Copyright 1999, The Commercial Appeal, Memphis, TN

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Wednesday, February 17, 1999

100 Cast About, Snag Some Ideas for Riverfront

Commercial Appeal
By Deborah M. Clubb

Ideas to buoy Memphis's five miles of waterfront flowed like the mighty river itself Tuesday at a downtown workshop.

A few snagged agreement among about 100 participants.

The keepers: free year-round access for Memphians to a livelier Mud Island River Park; slower traffic on Riverside Drive; protected cobblestones and a dock for river tour boats.

The throw-back: Mayor Willie Herenton's $50 million lake plan. The half-day workshop, organized by the city and funded by the Plough Foundation, was not meant to be a referendum on the administration's last riverfront redevelopment concept, but its goals were a starting point for the discussion.

"We've seen the public wants to be involved," said Benny Lendermon, city public works director. ``We see that consensus on some things has been reached."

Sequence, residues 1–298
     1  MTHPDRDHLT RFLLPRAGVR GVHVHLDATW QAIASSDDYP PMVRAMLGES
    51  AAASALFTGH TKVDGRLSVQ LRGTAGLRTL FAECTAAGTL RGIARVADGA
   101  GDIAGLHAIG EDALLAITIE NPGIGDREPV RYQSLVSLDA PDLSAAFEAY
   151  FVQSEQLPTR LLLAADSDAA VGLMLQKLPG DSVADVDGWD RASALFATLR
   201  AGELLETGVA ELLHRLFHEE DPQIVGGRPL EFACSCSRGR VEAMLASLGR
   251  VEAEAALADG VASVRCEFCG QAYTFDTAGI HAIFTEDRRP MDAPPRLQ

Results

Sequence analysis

Lendermon said he and city chief administrative officer Rick Masson will meet with Herenton to discuss the next steps.

"We feel very strongly that the public involvement needs to continue...probably in a more intensive way with fewer people."

Herenton was out of town Tuesday and did not attend the workshop. He did attend a pre-workshop reception Monday night sponsored by AutoZone at company headquarters.

City engineer John Conroy detailed the city's most recent ambitious plan, which has failed to win federal funding. It featured two land bridges that transformed the Wolf River Harbor into a lake and created new land for private retail development onto Mud Island and permanent boat docks.

Dick Rigby, Ann Breen and Matt Arun, of the Waterfront Center in Washington, led the discussions Tuesday at the Marriott Hotel. They stressed public access to waterfronts.